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Thread: Queens Development

  1. #1
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    Default Queens Development

    Queens civic and larger non commercial and non residential developments belong here. Queens residential and commercial developments belong in there appropriate neighborhood thread, respectively.

    Astoria

    College Point

    Flushing

    Forest Hills

    Jamaica

    Kew Gardens

    Long Island City

    Ozone Park

    Rockaways

    Sunnyside
    Last edited by NoyokA; May 4th, 2005 at 07:01 PM. Reason: To clarify and organize posts related to Queens development.

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    Default Two Proposed High-Rises On Queens Blvd. Draw Controversy

    The start of what will likely become a long battle between developers and Queens Boulevard activists began in earnest Tuesday night, when plans were presented for two high-rises in Elmhurst. The buildings would become the community’s tallest structures.
    While the developer says the proposed 16- and 17-story buildings will not alter the character of the neighborhood, residents expressed dismay at the project. The buildings, they said, will further burden an infrastructure that is already oversaturated.
    “What will be the impact on the Police Department, the Fire Department, the hospitals and the schools?” asked Community Board 4 member Laraine Donohue at a Land Use Committee meeting. “Was any of that taken into consideration?”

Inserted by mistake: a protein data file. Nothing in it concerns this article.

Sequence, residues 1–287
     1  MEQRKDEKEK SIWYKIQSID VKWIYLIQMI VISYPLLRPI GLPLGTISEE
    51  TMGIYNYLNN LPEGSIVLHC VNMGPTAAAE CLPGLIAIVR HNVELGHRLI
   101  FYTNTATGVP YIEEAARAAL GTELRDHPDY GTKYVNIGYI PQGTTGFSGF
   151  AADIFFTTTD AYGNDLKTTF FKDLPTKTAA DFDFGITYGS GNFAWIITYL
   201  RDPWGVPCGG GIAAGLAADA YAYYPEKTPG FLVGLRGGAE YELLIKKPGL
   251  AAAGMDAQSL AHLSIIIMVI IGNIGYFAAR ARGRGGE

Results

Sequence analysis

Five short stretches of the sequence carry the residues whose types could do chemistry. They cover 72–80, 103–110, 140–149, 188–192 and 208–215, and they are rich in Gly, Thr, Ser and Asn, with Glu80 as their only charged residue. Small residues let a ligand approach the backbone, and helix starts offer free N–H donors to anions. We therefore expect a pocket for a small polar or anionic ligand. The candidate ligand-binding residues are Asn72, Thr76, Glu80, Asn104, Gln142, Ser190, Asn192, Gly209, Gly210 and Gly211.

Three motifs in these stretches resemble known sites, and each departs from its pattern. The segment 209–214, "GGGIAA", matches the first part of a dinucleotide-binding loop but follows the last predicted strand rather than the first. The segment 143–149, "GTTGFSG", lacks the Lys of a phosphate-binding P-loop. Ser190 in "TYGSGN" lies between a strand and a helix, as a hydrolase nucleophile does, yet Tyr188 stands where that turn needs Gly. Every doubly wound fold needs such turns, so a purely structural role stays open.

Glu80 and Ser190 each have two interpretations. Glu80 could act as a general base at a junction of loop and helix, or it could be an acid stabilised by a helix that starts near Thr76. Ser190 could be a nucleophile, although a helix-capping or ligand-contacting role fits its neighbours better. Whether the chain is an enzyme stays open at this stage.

The proposed building at 86-05 Queens Boulevard would be 16 stories and 180 feet tall. The second, at 85-15 Queens Boulevard, would be 17 stories and 196 feet. The site is located between Broadway and Reeder Street.
    Both buildings would have retail space, community facilities and condominium apartments. All 300 parking spaces would be located at 85-15 Queens Boulevard.
    The developer, James Pi, has been in negotiations with the Metropolitan Transportation Authority for a number of years about the development because portions of the properties are located directly above the subway.
    Because of the tunnels and a creek that run under the south side of the property, parking cannot be built underground. The development company has applied to the Board of Standards and Appeals, asking that above-ground parking not be counted toward floor space.
    There will be a public hearing in April but if the variance is granted by the BSA, the high-rises will be built as planned.
    With the variance or without, developers insist they have the right to build on the property as they see fit. “The owner has the right to develop the property,” said Jordan Most, an attorney for the developer. “The developers have the right to a reasonable return on their investment.”
    “You have the right to earn money, but you don’t have the right to ruin our community,” one board member responded.
    While attorneys for the developers did not say how much the condominiums would cost, the median price of a home in Queens hit $400,000 last month, the highest it’s ever been.